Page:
Review: Flora’s Dare by Ysabeau S. Wilce

Review: Flora’s Dare by Ysabeau S. Wilce

Flora’s Darebuy it
by Ysabeau Wilce—her website
Recommended Ages: 12+

In the sequel to Flora Segunda, Flora Fyrdraaca ov Fyrdraaca, fourteen-year-old heroine of an alternate-history version of San Francisco called Califa, finds out what her true name is. And while I’m mentioning it, I might add that the full title of this book is Flora’s Dare: How a Girl of Spirit Gambles All to Expand Her Vocabulary, Confront a Bouncing Boy Terror, and Try to Save Califa from a Shaky Doom (Despite Being Confined to Her Room). Now take a deep breath, for three reasons: first, because that title was a lungful; second, because you’re about to follow Flora on an adventure that will take her underwater for quite some time; and third, because Flora’s world (designed by an author who boasts a graduate degree in military history) is so strange, so distinctive, so full of quirky surprises, so closely crammed with unfamiliar language and opportunities to boost your word power, that most likely you will almost—but not quite—give up. Almost, because it’s going to make you work. Not quite, because it’s so convincing and entertaining.

Flora was born in the aftermath of a devastating war between Califa and the Huitzil Empire, which practices human sacrifice and includes a race of winged, bird-headed people. The Birdies, as Flora’s folk pejoratively call them, now rule Califa through a puppet Warlord, and keep an eagle eye on the city. The first sign of resistance to Huitzil rule could bring death and disaster to the city. So when Flora meets her elder sister Idden at a rave, and learns that Idden has deserted from the Army and joined a radical resistance group, the horror Flora feels is surpassed only by that of the slimy tentacle that attacks her in the club’s filthy toilet.

The tentacle proves to be a sign that the Loliga—a massive, indescribable creature currently in the shape of a giant squid, that has long been trapped and magically bound in the watery caves beneath the city—is struggling to break free. Its struggles are already causing a series of increasingly devastating earthquakes. Unless the Loliga is freed, and soon, Califa will be destroyed.

The trouble is that Flora is the only one who can do anything about it; but she doesn’t know what to do. She seeks the advice of the strangely magnetic Huitzil Ambassador, from whom she also hopes to learn enough Gramatica (magical words of power) to become a Ranger (sort of a secret agent/wizard), like folk hero Nini Mo. But after an unplanned bit of time-travel reveals Flora’s real identity—a secret her Mamma has kept from everyone else—Lord Axacaya proves to be an even more immediate threat to Flora’s safety. Now, with a deadly enemy closing in behind her and the destruction of her city looming ahead, Flora must bet her life on the Ultimate Ranger Dare in the haunted home of a ruling family, long thought to be extinct. And she can look for help to no one but a small red dog, a toy pig, a terrifying blue butler, and a boy possessed by a pair of demonic bouncing boots (which is a whole subplot I haven’t time to explain).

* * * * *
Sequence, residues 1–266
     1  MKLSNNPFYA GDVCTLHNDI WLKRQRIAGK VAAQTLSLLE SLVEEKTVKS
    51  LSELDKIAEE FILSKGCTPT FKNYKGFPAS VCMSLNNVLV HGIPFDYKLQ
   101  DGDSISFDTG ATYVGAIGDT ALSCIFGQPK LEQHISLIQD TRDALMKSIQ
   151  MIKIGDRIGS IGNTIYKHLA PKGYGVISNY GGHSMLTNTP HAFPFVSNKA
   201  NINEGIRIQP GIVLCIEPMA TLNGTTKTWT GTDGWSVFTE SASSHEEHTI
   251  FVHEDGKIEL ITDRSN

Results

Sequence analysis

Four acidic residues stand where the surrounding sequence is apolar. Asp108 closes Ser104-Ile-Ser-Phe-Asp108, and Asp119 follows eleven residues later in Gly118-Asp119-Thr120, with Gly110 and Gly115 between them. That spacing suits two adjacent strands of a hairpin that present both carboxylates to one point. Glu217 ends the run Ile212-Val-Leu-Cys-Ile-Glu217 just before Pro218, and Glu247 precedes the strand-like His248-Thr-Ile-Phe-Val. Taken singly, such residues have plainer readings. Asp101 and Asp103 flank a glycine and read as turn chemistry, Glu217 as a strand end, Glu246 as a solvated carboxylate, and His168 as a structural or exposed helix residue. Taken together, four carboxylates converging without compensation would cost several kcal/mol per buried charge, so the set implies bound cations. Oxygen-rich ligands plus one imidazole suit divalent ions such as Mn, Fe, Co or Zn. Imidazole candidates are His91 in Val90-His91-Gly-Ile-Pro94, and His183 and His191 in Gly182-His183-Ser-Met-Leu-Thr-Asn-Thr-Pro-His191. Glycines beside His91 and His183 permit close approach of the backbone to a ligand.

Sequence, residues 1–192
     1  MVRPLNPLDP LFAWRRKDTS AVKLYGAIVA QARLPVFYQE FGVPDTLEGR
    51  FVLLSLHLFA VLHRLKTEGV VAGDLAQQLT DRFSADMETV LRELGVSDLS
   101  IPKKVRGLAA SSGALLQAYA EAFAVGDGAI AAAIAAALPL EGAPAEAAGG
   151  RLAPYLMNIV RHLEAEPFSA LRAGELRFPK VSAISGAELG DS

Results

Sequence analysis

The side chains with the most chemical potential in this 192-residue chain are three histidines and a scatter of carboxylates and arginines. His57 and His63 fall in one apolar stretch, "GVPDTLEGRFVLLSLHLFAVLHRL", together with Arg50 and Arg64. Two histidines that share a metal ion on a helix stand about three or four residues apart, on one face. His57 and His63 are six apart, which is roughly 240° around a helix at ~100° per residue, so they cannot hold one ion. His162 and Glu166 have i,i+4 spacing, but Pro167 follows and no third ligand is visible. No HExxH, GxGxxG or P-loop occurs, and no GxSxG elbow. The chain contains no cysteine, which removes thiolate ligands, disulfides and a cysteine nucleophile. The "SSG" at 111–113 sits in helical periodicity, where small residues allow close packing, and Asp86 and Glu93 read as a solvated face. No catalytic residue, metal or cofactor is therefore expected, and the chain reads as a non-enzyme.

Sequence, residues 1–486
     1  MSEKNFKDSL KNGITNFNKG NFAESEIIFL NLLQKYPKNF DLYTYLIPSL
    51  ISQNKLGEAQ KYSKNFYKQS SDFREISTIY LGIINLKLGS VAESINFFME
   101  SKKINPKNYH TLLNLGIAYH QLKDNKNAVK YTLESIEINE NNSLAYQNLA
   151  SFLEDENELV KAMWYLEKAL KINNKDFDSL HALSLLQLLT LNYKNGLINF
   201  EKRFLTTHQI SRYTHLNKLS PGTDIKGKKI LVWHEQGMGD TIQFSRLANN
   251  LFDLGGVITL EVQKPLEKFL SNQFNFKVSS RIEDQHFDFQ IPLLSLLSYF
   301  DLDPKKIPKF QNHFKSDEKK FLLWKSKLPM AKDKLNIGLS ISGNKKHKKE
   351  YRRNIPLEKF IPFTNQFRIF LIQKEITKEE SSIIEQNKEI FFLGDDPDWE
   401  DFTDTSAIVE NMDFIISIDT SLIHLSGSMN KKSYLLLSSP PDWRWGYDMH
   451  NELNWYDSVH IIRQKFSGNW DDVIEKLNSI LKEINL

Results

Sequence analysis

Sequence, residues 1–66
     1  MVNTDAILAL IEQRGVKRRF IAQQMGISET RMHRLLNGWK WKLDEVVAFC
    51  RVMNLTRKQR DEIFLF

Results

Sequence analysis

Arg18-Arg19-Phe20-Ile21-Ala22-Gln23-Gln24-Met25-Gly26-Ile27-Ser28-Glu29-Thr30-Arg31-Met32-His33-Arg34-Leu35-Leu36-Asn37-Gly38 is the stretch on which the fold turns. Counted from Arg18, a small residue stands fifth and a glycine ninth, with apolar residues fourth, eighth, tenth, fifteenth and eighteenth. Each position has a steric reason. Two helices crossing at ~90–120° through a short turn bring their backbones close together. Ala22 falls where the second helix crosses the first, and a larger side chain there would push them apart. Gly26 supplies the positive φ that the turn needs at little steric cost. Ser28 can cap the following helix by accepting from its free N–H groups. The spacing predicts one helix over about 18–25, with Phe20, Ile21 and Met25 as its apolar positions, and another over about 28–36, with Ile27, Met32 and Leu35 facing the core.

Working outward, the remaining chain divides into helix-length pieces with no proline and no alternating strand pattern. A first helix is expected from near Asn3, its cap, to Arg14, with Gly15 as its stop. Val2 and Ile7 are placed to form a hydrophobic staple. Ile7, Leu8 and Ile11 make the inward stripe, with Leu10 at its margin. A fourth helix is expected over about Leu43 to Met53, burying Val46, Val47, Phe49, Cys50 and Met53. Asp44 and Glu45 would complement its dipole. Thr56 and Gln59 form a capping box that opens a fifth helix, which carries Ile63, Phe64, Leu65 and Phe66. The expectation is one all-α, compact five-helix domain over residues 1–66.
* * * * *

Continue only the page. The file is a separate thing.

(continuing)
Flora is a hilarious and endearing narrator: gifted with a quirky sort of folk-wisdom fed by yellowback novels; plucky and heroic, yet honest enough to own up to her own moments of pettiness and vulnerability; impatient yet forgiving of the foibles of her ex-drunk-now-all-too-responsible father, her tough military mother, her get-rich-quick-scheming best friend, her often-whining ectoplasmic butler, and the crazy fashions and customs of her bayside city. Her adventure strains at the seams with impressive (and sometimes scary) magic, weird creatures, macabre humor, blood-chilling danger, and a whole spectrum of character and cultural colors that you won’t see most anywhere else.

This is Book 2 of the trilogy titled either “Crackpot Hall” (based on the website listed on the back cover) or “Flora Fyrdraaca” (based on title of the omnibus edition). It won the Andre Norton Award for Young Adult Science Fiction and Fantasy, an honor shared by Harry Potter and the Deathly Hallows and several other books I have reviewed. The third book of the trilogy is titled Flora’s Fury: How a Girl of Spirit and a Red Dog Confound Their Friends, Astound Their Enemies, And Learn the Importance of Packing Light.

This book was pretty good! I would recommend adding it to your reading list.

This book was pretty good! I would recommend adding it to your reading list.